Colored spots indicate where subjects looked during an action sequence from Iron Man 2.
HOLLYWOOD, California—There’s a crazy action sequence near the beginning of Iron Man 2 in which Tony Stark first meets Ivan Vanko, a rogue Russian scientist wearing a robotic suit and wielding electrified whips. It takes place at the Monaco Grand Prix, where Stark is competing, and Vanko slices up Formula 1 cars like so much toast and puts the hurt on Stark, even after he dons his Iron Man suit. For a minute there, it looks like the supercharged Russian might prevail.
For viewers, it’s quintessential, over-the-top Hollywood action. For scientists, it’s a window into the human brain. At a recent event here hosted by the Academy of Motion Picture Arts and Sciences, neuroscientists and cognitive psychologists got together with filmmakers to discuss what both groups have learned—the scientists through painstaking experiments and analysis, the filmmakers by intuition and experience—about the mechanisms of attention and perception.
In the Iron Man 2 sequence, for example, people are remarkably consistent in where they direct their gaze. Tim Smith, a vision scientist at the University of London, presented eye tracking data collected from 75 people as they watched the clip on a flatscreen. A camera tracked their eye movements, and software created a frame-by-frame heat map. When Smith played the clip with the eye-tracking heat map overlaid, the red hot spot tightly followed the action—people focused on the dueling superheroes, especially their weapons and faces, and on the car parts bouncing around (to see the clip, scroll down to the first video here).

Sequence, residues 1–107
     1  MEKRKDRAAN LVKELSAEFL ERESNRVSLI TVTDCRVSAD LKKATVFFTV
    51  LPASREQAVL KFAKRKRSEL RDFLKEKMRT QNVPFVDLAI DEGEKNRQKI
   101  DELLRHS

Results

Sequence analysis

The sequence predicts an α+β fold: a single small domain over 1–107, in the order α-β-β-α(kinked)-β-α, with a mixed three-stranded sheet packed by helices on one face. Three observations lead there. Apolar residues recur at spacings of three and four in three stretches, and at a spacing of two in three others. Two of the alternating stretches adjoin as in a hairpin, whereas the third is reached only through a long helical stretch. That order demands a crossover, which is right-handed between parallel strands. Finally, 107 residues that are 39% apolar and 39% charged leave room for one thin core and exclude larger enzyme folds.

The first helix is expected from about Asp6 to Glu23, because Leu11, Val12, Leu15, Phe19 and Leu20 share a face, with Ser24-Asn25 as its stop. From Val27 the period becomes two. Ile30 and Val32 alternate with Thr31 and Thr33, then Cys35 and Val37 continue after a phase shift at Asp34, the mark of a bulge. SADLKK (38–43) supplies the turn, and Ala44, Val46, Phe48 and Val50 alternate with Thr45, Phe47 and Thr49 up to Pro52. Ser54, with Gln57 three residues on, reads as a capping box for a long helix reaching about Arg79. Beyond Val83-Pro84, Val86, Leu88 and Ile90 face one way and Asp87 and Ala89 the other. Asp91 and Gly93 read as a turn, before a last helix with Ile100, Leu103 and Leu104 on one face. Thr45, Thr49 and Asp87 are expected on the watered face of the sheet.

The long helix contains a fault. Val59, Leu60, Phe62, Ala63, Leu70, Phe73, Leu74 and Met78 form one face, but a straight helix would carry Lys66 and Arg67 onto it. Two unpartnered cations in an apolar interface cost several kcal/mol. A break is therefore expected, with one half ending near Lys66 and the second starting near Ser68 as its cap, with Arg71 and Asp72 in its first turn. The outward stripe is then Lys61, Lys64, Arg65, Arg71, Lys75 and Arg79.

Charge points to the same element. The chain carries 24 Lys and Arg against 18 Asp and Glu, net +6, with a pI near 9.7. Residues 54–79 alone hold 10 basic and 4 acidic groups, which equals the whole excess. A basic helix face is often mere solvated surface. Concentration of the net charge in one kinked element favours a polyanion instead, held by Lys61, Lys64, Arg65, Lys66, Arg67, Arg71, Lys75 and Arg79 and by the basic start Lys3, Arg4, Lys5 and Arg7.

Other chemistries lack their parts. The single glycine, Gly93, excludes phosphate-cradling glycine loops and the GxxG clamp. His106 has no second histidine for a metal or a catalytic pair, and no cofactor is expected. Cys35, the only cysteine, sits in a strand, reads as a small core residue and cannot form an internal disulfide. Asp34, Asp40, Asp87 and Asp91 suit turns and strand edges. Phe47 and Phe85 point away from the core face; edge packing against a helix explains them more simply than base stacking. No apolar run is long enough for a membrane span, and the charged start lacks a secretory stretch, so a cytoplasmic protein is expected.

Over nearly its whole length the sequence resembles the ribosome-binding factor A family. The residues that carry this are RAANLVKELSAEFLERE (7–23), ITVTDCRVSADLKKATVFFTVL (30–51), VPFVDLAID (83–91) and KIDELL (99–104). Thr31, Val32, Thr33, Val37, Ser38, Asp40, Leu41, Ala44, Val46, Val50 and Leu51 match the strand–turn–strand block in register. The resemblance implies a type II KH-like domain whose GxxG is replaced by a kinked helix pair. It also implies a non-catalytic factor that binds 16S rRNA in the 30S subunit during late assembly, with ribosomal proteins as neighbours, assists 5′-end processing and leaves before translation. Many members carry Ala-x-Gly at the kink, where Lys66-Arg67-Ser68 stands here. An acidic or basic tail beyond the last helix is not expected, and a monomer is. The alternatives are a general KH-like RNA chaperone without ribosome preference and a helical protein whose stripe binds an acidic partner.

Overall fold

Jon Favreau, who directed Iron Man 2, was onstage with Smith as he presented the clip, and seemed fascinated by it. “Everything you’re looking at is real, and everything you’re not looking at is fake,” he said.
For the rest of the story: http://www.wired.com/2014/08/how-movies-manipulate-your-brain/